Mechanical behavior of idealized, stingray-skeleton-inspired tiled composites as a function of geometry and material properties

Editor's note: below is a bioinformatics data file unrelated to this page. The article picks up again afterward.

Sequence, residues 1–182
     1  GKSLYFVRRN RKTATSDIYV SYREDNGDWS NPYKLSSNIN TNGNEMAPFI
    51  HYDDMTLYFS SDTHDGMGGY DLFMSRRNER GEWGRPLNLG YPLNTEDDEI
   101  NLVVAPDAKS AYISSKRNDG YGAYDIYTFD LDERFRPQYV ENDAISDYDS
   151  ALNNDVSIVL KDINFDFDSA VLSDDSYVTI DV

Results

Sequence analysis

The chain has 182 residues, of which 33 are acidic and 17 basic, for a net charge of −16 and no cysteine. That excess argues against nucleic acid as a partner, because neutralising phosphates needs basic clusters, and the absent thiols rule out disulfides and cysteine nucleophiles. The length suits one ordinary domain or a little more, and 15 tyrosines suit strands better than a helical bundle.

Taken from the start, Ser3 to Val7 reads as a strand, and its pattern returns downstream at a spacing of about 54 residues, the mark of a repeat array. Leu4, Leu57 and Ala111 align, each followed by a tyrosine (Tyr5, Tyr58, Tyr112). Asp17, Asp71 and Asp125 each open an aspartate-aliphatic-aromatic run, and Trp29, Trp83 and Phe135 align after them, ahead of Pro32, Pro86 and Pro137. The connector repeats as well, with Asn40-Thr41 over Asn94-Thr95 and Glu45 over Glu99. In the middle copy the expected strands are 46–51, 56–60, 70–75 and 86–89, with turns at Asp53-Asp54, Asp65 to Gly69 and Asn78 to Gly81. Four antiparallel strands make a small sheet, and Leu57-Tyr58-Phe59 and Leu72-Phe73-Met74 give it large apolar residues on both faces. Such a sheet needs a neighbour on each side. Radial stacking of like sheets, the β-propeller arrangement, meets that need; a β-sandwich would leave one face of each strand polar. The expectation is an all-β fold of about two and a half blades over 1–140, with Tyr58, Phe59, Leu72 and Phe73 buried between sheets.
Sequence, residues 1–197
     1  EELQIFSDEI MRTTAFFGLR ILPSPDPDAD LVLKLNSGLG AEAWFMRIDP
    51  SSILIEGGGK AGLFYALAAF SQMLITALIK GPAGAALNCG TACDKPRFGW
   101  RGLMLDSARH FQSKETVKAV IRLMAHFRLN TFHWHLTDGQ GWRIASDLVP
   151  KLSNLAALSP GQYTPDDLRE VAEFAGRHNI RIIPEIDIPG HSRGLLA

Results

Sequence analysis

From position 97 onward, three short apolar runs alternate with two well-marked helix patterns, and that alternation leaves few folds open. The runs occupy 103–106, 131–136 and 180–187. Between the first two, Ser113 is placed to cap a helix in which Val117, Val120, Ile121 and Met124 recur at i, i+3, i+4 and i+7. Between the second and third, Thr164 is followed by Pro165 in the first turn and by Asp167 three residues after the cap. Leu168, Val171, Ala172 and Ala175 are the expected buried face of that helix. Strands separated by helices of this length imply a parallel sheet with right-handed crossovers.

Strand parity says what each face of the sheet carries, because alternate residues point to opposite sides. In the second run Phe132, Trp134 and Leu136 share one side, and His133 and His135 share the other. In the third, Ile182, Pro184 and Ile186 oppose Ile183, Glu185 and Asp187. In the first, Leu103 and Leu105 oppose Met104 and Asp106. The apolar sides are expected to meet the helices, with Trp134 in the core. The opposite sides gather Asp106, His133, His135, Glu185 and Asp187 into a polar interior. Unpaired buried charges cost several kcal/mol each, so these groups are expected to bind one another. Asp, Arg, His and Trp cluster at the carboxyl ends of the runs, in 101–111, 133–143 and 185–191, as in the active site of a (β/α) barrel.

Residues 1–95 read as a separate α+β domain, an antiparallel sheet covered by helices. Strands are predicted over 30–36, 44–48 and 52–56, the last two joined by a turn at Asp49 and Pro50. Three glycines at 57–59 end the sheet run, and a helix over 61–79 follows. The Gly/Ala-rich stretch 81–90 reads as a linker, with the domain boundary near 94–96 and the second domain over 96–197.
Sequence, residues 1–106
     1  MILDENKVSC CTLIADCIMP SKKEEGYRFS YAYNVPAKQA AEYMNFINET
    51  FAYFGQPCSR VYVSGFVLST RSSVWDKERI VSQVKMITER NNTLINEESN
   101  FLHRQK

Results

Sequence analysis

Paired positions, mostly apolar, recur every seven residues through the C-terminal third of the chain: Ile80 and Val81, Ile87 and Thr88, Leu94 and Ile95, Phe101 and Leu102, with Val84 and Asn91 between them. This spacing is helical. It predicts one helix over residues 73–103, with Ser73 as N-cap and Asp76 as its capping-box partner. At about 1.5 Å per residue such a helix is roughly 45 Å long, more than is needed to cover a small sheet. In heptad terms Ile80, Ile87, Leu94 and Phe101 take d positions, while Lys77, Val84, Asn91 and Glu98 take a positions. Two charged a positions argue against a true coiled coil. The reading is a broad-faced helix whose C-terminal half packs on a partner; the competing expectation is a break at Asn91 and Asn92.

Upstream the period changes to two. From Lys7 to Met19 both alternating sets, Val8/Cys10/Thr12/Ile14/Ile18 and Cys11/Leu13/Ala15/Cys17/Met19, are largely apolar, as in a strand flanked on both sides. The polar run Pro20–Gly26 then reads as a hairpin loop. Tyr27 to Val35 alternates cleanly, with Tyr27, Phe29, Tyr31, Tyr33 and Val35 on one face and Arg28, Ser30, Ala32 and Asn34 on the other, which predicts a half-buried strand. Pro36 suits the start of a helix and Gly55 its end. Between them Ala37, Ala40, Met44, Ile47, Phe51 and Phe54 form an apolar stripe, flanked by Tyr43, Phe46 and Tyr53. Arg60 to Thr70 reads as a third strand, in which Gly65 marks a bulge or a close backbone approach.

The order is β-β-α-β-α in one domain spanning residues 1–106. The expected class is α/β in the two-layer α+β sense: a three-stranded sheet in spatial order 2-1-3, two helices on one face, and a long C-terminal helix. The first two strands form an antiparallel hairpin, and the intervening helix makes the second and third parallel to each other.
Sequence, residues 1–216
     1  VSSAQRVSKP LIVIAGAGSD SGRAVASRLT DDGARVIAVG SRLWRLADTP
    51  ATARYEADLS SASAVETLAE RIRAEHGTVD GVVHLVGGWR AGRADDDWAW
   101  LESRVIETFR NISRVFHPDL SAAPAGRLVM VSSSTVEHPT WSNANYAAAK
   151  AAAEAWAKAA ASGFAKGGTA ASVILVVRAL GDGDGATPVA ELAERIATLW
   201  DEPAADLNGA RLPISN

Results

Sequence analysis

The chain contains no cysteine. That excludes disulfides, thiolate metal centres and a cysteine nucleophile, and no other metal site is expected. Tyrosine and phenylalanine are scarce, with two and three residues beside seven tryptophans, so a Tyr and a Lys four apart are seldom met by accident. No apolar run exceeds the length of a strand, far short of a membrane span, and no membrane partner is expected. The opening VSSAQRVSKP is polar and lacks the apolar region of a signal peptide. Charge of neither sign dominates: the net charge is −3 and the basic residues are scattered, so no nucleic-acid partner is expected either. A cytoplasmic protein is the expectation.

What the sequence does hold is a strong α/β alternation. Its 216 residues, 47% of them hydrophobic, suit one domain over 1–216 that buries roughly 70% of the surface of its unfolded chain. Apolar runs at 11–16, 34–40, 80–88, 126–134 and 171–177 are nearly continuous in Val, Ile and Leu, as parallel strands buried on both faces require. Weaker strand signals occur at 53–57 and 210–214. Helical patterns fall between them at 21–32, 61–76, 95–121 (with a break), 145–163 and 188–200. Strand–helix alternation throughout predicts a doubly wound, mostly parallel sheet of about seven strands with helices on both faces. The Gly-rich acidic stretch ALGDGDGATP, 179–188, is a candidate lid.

Tilings are constructs of repeated shapes covering a surface, common in both manmade and natural structures, but in particular are a defining characteristic of shark and ray skeletons. In these fishes, cartilaginous skeletal elements are wrapped in a surface tessellation, comprised of polygonal mineralized tiles linked by flexible joints, an arrangement believed to provide both stiffness and flexibility. The aim of this research is to use twodimensional analytical models to evaluate the mechanical performance of stingray skeleton-inspired tessellations, as a function of their material and structural parameters. To calculate the effective modulus of modeled composites, we subdivided tiles and their surrounding joint material into simple shapes, for which mechanical properties (i.e. effective modulus) could be estimated using a modification of traditional Rule of Mixtures equations, that either assume uniform strain (Voigt) or uniform stress (Reuss) across a loaded composite material. The properties of joints (thickness, Young’s modulus) and tiles (shape, area and Young’s modulus) were then altered, and the effects of these tessellation parameters on the effective modulus of whole tessellations were observed. We show that for all examined tile shapes (triangle, square and hexagon) composite stiffness increased as the width of the joints was decreased and/or the stiffness of the tiles was increased; this supports hypotheses that the narrow joints and high tile to joint stiffness ratio in shark and ray cartilage optimize composite tissue stiffness. Our models also indicate that, for simple, uniaxial loading, square tessellations are least sensitive and hexagon tessellations most sensitive to changes in model parameters, indicating that hexagon tessellations are the most “tunable” to specific mechanical properties. Our models provide useful estimates for the tensile and compressive properties of 2d tiled composites under uniaxial loading. These results lay groundwork for future studies into more complex (e.g. biological) loading scenarios and three dimensional structural parameters of biological tilings, while also providing insight into the mechanical roles of tessellations in general and improving the design of bioinspired materials.